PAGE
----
About Health Insurance
- Why get Health Insurance?
- Top 6 Reasons You'll do better with iSelect
- Are you paying too much on Health Insurance?
- 5 Health Insurance hot tips
- A better way to buy health insurance
- Lifetime Health Cover Explained
- Compare your Health Insurance options with iSelect
- Health Insurance Information
- Life Stages
- Participating Health funds
- Joining a health Fund
- Means Testing
Health Insurance & Tax
- Saving tax on health insurance
- Save up to 30%
- About Medicare Levy Surcharge (MLS)
- Australian Government Rebate
- Health Insurance Premium Rate Rise
- Hospital & Extras cover
- Qantas Frequent Flyer Offer
- The Medicare Levy Surcharge (MLS)
- About the Medicare Levy Surcharge
- The Medicare Levy Surcharge and Your Tax Return
- Personal Income Tax & Health Cover
- Ways to save tax on health insurance
- The Health Insurance Rebate
- Explaining the Health Insurance Rebate
- Claiming the rebate as a reduced premium
- Claiming the rebate from a Medicare office
- Claim the rebate as part of your tax return
Private Health Insurance
Australian Government Rebate
The Australian Government Rebate was introduced as an incentive to encourage more Australians to take out private health insurance. It’s designed to help Australians meet their private health insurance costs by providing a discount.
It makes private health insurance more affordable and accessible. And it provides the opportunity to select a more comprehensive level of cover.
Recent changes to the Australian Government Rebate
Since 1999, the government has provided a minimum 30% rebate on private health insurance regardless of income. In 2012, the government made changes to the rebate. The changes included income testing the rebate against new income thresholds. This means the level of your rebate now depends on your annual income, age and the number of dependent children you have.
What are the new income thresholds?
The income thresholds for 2013–2014 are:
|NO CHANGE||TIER 1||TIER 2||TIER 3|
|Singles||Less than $88,000||$88,001–$102,000||$102,001–$136,000||$136,001+|
|Couples/ Families||Less than $176,000||$176,001–$204,000||$204,001–$272,000||$272,001+|
For families with children the thresholds are increased by $1,500 for each dependent child after the first. Single parents and couples with dependent children are also subject to the family thresholds.
Which level of rebate will I get in the 2013–2014 financial year?
The majority of Australians will not be affected by income testing and their rebate will remain the same.
This table shows the rebate you’ll be eligible to receive in the 2013–2014 financial year.
|Australian Government Rebate|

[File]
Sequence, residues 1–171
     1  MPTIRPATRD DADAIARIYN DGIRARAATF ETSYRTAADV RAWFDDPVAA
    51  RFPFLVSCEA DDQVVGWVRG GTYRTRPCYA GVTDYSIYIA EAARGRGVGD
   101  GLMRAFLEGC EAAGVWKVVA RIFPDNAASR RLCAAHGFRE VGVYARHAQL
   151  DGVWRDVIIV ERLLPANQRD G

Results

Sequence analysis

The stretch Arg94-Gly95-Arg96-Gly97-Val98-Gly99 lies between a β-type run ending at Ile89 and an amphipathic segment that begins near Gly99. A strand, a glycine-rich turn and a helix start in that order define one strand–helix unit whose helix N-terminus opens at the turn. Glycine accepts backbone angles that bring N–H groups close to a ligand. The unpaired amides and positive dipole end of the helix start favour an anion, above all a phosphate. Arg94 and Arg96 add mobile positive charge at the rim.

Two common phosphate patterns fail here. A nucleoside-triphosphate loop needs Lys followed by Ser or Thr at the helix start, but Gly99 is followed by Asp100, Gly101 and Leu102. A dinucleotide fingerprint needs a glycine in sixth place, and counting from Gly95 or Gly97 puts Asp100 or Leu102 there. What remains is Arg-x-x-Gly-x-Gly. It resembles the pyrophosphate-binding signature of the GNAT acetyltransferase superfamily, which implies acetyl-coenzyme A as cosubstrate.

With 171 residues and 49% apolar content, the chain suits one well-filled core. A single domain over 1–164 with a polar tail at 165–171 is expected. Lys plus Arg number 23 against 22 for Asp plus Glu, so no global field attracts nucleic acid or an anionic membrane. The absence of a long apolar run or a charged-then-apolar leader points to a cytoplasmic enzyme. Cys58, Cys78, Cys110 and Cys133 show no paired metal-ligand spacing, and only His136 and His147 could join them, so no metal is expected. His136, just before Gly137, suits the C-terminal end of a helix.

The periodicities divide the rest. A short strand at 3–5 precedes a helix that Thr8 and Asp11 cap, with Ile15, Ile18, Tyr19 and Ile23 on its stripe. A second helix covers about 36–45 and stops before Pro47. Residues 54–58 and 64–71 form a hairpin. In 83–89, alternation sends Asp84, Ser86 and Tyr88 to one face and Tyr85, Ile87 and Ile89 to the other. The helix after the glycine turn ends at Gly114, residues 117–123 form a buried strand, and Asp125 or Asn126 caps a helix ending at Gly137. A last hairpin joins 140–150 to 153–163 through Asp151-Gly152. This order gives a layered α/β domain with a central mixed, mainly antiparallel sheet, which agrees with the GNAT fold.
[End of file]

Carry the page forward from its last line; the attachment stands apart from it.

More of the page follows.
|NO CHANGE||TIER 1||TIER 2||TIER 3|
Does everyone get the rebate?
Yes, the rebate is available to everyone who holds a green Medicare Card and has private health insurance with a registered fund. It applies to all types and levels of cover.
My rebate has been reduced (or stopped). Is there something I can do about this?
There’s always something you can do. And the good news is you’re in the right place to act. We can help you find great value cover to make up some or all of the loss.
Which portion of my income will determine my rebate entitlement?
It’ll be determined by your income for Medicare Levy Surcharge purposes. This includes your taxable income, fringe benefits, super contributions minus any net investment losses. If you have a spouse, your combined income will be used to calculate your rebate entitlement. Visit the Australian Taxation Office for a full overview.
What’s the definition of a dependent child?
For calculating your rebate entitlement a dependent child is:
- Your child under 18; or
- Your sibling under 25, who doesn’t have a partner and is dependent on you for financial support on any day of the year
Health funds also have different rules and classifications for a dependent child. It’s best to speak with us about who can be listed as a dependent child on the policy you’re looking at.
How do I claim the rebate?
There are three ways to claim your rebate:
Claim upfront and reduce your premium
To receive the rebate as a premium reduction, you’ll need to fill in a Government Rebate Application form. As long as you’re eligible, your health fund will apply the rebate to your premium — meaning you pay less. For example, if you’re eligible to receive the 30% rebate and your premium is $1,500 per year, once the rebate is applied the cost is reduced to $1,050 per year — a $450 discount.
Claim at a Medicare office
You can claim the rebate at any Medicare office. Just take in your account statement and photo ID and complete the Medicare Rebate Form.
Claim as part of your tax return
You can claim the rebate at the end of the financial year. You’ll need to submit your private health insurance statement (your health fund provides this) with your tax return. Claiming your rebate this way means you will pay a higher or un-rebated premium.
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